This week, Vickie and I went to Ukhta State Technical University’s “filial” (partner university? satellite campus?) in Usinsk. This is pronounced Oo-sin-sk (only two syllables, but separated for easier reading). Usinsk is… tiny. Like, we walked from the center to the edge in about 20 minutes. We drove around the entire city (all four streets) in about 30 minutes. But it’s also quite cute, and there’s a nice forest. There’s also a nice 600-student, single-building university, which is the actual reason we went: to teach! (It’s almost like that’s our job or something.)
But first, I want to talk about the going… the train.
Last time Vickie and I took the train, you’ll remember, it was a 32-hour ride from Moscow to Ukhta, about 96 hours after entering the country. We had a nice (only mildly traumatic, and maximally sedated) experience in kupe (4-person private cabin).
This time, we had a nice (still only mildly traumatic, although less sedated) experience in platzkart (open, barracks-style car). We took the fast train there (10 hours) and the slow train back (12 hours).
The Good: Lots of time to sleep, no creepy guys in our immediate vicinity, no drunk people anywhere we could tell. …And, on the way back, our neighbor from the dormitory was just a few bunks down from us!
The Bad: SO HOT. I can’t even describe it. Okay fine, it was only 80 degrees F, but there was literally no movement of air, and a whole lot of people… especially on the top bunk, breathing isn’t really a thing that happens. Also, we had one cabin-mate whose snore resembled the revv of a chainsaw. So the “lots of time to sleep” didn’t exactly translate into “sleep.”
The Amusing: “Katie, the bathroom is so great!! It has toilet paper.” –Standards.
Once in the city, we got settled into our apartment-hotel. I have no pictures, sorry, but I can give you the Good, Bad, and Amusing of it…
The Good: Beds! Hot shower! Functional kitchen!
The Bad: Have you ever seen The Irony of Fate? …yeah. The first night we spent about 30 minutes trying to find the right place, then about 15 trying to get the key to work in the door when we’d found it. Turns out we were still in the wrong building. I at that point was mildly feverish with a headache and sore throat, and Vickie also had a migraine, and we were carrying ~7kg of groceries, and basically we were a sight to be seen.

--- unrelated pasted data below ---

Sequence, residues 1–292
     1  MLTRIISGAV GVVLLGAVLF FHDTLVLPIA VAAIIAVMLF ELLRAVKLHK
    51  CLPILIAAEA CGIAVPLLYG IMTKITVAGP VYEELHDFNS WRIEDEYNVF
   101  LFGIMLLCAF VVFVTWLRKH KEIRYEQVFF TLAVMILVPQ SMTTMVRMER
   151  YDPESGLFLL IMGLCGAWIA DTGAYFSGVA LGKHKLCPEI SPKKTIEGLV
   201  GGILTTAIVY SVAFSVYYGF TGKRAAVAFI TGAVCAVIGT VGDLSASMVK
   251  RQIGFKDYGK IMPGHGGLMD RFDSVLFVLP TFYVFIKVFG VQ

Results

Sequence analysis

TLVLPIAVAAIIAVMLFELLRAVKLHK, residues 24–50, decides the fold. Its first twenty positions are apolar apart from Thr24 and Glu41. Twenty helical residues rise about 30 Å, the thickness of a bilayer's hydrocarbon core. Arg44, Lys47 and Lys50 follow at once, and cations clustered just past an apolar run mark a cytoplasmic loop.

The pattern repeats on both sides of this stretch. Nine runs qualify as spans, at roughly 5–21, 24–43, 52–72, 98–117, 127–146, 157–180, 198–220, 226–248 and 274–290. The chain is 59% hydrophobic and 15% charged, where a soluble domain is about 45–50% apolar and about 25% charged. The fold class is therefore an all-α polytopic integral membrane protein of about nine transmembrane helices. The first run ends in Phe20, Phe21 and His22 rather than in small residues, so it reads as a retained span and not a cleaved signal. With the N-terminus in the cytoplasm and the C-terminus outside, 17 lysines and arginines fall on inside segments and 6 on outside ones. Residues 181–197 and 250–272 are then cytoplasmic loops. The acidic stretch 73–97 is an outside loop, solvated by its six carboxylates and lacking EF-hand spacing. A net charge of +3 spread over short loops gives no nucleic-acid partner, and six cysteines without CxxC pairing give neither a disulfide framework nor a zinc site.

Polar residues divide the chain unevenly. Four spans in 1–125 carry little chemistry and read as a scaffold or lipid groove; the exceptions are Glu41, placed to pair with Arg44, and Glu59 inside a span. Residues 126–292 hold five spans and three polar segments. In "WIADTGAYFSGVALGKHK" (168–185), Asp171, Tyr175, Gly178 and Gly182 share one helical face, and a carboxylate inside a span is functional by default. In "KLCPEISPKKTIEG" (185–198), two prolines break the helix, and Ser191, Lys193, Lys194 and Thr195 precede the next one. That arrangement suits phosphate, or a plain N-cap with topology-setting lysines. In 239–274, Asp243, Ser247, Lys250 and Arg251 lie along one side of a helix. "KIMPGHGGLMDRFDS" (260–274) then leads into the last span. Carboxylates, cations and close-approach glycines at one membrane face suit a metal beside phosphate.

The Amusing: Trying to leave a note for our roommates telling them they could help themselves to our pasta… while slightly delirious and with no good sense of Russian whatsoever.
We had classes with the university students…
The Good: My class on Wednesday had only eight students, so we could play games, and they could all have a chance to talk!
The Bad: Only two of the eight wanted to talk. Too bad for the others, because I didn’t take a 10-hour ride in a fiery furnace just to watch people stare silently at me for two hours.
The Amusing: At the English Club meeting on Tuesday, Vickie and I started (as usual) in English. This was met with much and vocal protest, and pleas to answer their questions in Russian. We, receiving affirmation from the authorities there, did so. We heard later that the students had complained that they “expected us to speak English with them, but we only spoke Russian the whole time!” Okay.
We also got to see some of the dostoprimechatel’nosti (tourist sights) of the town.
The Good: Nice weather, flowers, an interesting tour guide (hi Olga!)
The Bad: I was sick the whole time and carrying an enormous backpack for part of it, so I was kind of grumpy.
The Amusing: Can we just talk about the mosquito monument?
Among the other dostoprimechatel’nosti, we got to see the forest in Usinsk. The idea was, I think, to take a nice, brisk walk… which turned into more of a run/quick tramp for us. But we lived. And the forest is beautiful.
The Good: Beautiful nature, beautiful dog.
The Bad: Vickie falling into the snow, my feet freezing.
The Amusing: Yeah, that hole in the ice? Olga literally went swimming in it, then we walked for another 45 minutes.
All in all, good trip. But now I need to go take some NyQuil and catch up on sleep. (…And consider packing ice and an oxygen tank next time I take a Russian train.)